Have you ever really looked at the shape and color of your wine bottle?
Honestly, I think most bottles are beautiful. Our friend Terry at Keyways Winery used a whole assortment of them in the small bathroom window for privacy instead of a window treatment (if you don't remember how obsessed I was about her bathrooms, please look to the archives because her facilities are brilliant!).
But it's not pure aesthetics that drive the vintner to her choice of bottle. This is an article we found posted by the Wine Lady (don't you just love that?). She gave a concise lesson on wine bottles that I'm not soon to forget and although she did leave plenty of disclaimers I think that generally she hit everything head on.
The colors of the bottles are clear, blue or couple of different shades of green and brown. White wines come in all the colors while red wines only come in a couple. Wine does not like light so dark bottles are required for them. Red wines are the ones that can stay in a cellar for years, so they need dark colored bottles to keep out the light. Whites are usually meant to be consumed young, thus the reason for clear or light green bottles. Rieslings usually are sold in blue or brown bottles. Those colors represent certain areas of Germany. For example, brown bottles represent the Rhine area and green bottles the Mosel area. But this is just tradition, and is not always true.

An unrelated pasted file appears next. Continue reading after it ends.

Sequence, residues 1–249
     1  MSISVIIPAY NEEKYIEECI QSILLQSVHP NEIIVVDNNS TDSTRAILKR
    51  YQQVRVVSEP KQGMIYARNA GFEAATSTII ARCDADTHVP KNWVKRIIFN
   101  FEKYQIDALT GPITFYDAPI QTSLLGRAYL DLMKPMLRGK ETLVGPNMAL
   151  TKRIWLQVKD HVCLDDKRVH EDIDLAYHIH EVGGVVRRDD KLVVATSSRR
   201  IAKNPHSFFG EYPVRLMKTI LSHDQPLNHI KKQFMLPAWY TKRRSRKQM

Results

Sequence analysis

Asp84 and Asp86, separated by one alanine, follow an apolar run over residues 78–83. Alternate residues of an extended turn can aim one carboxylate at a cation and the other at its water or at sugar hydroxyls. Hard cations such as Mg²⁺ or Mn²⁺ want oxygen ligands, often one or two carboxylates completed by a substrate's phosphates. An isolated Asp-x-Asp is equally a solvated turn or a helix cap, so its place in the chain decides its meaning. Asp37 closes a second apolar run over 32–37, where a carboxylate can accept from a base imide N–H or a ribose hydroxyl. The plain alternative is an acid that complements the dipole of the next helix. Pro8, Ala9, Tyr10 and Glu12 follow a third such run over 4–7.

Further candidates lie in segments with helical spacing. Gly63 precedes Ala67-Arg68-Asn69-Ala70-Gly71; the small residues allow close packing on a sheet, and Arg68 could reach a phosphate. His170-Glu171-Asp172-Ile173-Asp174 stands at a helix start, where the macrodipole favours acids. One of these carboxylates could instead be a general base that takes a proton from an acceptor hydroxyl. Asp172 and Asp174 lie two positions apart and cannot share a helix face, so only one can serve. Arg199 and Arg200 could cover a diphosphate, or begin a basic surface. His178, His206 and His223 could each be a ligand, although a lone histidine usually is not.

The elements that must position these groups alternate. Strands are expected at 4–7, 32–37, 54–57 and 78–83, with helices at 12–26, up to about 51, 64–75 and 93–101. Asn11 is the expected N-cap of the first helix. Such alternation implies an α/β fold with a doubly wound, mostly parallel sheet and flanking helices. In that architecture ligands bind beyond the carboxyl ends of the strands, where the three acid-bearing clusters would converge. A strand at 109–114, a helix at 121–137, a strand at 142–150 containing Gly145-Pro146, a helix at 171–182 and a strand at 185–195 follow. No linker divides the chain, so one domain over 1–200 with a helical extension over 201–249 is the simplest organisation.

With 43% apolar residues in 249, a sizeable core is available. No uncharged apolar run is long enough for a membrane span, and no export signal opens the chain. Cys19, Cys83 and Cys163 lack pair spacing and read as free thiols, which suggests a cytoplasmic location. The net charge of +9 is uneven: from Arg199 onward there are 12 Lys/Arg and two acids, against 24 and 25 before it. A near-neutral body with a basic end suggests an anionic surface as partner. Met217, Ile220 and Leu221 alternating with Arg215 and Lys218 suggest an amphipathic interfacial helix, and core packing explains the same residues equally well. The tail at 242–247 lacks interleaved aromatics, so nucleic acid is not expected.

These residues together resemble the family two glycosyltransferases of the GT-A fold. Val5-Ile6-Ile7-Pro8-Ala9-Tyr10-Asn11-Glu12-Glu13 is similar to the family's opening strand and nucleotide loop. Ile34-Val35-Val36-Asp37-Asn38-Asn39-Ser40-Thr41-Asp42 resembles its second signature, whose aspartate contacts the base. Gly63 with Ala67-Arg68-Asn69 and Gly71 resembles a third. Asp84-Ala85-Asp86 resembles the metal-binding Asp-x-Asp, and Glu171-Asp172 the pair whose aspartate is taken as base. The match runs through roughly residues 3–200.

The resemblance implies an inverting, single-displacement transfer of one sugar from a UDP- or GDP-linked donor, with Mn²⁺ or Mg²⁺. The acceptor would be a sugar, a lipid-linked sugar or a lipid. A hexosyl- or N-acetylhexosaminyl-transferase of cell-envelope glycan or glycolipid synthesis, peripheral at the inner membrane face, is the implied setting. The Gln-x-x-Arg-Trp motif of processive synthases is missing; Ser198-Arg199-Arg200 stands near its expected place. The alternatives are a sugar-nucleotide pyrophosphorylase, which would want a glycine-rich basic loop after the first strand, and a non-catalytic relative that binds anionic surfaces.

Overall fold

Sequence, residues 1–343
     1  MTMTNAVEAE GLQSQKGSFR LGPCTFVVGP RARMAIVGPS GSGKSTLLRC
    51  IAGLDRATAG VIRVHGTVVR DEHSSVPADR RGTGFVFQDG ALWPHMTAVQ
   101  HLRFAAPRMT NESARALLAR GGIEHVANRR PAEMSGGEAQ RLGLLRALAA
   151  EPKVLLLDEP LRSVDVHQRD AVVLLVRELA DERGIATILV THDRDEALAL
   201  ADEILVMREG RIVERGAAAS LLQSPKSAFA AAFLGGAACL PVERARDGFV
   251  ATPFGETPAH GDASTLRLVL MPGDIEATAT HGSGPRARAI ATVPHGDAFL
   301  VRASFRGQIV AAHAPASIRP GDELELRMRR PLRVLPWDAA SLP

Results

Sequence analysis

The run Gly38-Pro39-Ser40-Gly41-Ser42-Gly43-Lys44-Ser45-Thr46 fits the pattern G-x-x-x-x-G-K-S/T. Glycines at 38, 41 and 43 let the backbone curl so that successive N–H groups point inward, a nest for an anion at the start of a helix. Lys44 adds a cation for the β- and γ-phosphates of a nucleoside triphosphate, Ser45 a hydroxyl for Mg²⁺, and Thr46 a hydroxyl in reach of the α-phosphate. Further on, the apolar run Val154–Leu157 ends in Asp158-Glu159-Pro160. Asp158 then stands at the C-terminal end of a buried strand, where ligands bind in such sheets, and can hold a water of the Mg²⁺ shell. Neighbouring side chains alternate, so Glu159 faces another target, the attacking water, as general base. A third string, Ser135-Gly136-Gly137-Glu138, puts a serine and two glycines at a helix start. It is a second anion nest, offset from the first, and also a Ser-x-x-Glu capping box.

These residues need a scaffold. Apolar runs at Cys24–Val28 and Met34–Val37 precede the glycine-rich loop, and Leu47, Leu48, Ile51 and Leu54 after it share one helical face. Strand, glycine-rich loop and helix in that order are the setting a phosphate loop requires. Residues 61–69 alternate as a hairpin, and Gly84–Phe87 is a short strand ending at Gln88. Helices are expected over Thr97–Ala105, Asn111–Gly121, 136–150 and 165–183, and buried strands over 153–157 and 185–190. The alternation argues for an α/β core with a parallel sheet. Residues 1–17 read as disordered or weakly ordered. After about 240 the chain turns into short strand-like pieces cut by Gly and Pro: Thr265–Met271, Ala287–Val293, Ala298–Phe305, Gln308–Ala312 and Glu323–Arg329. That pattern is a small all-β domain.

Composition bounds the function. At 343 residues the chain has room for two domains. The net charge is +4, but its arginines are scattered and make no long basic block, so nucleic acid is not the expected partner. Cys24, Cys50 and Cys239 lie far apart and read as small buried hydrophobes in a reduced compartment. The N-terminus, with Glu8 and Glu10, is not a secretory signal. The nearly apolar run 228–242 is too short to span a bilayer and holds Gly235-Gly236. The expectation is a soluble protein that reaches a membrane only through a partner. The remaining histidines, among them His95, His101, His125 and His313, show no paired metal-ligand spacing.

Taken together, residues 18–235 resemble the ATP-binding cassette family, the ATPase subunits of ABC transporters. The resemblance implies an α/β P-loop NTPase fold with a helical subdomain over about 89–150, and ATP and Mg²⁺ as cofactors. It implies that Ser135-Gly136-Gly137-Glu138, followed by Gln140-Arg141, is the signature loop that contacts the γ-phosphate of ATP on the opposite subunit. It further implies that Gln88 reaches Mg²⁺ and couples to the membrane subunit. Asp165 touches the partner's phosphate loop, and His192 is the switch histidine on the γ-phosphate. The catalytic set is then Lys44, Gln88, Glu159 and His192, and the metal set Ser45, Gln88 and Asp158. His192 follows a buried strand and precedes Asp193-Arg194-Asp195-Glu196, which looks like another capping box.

The shapes of the bottles can usually tell you two things. One is where the wine is from. Think about that blue bottle of Riesling, tall and narrow with no shoulders. It is from Germany and it is an off-dry, or if you prefer, a sweet wine. Again, not always true. I have a green, tall and narrow bottle. It is from Portugal and is semi-off-dry with a bit of bubbles. Now picture a bottle of Chardonnay or Pinot Noir. That style of bottle is called Burgundy. Pinot Noir is less tannic and can be fruity, as well as Chardonnay. Those are the two grapes they grow in Burgundy. The bottles with the high shoulders are called Bordeaux bottles. They have high shoulder to help hold back the sediment when decanting the wine after it has aged. The wines sold in those bottles are Cabernet Sauvignon, Merlot, Bordeaux, Cabernet Franc, Malbec and Sauvignon Blanc. Again, these are the typical grapes grown in Bordeaux. They have more tannins. It is the tannins that fall out and form the sediment the shoulders hold back.
Not many people notice the bottom of the bottles. Again, the next time you are looking at a bottle of wine, pick it up and look at the bottom. A Riesling will not have a punt. An expensive Merlot or Cabernet will have a deep punt. The punt is there to collect the sediment from the tannins falling out. It is there for the same reasons the high shoulders are. Rieslings are not meant to be aged, so no need for a punt. You will also notice the difference in the depth of the punts.
We would like to thank Sara Cujak of Fond du Lac, owner of Cujak's Wine Market, 74 S. Main St. for her full article please click here.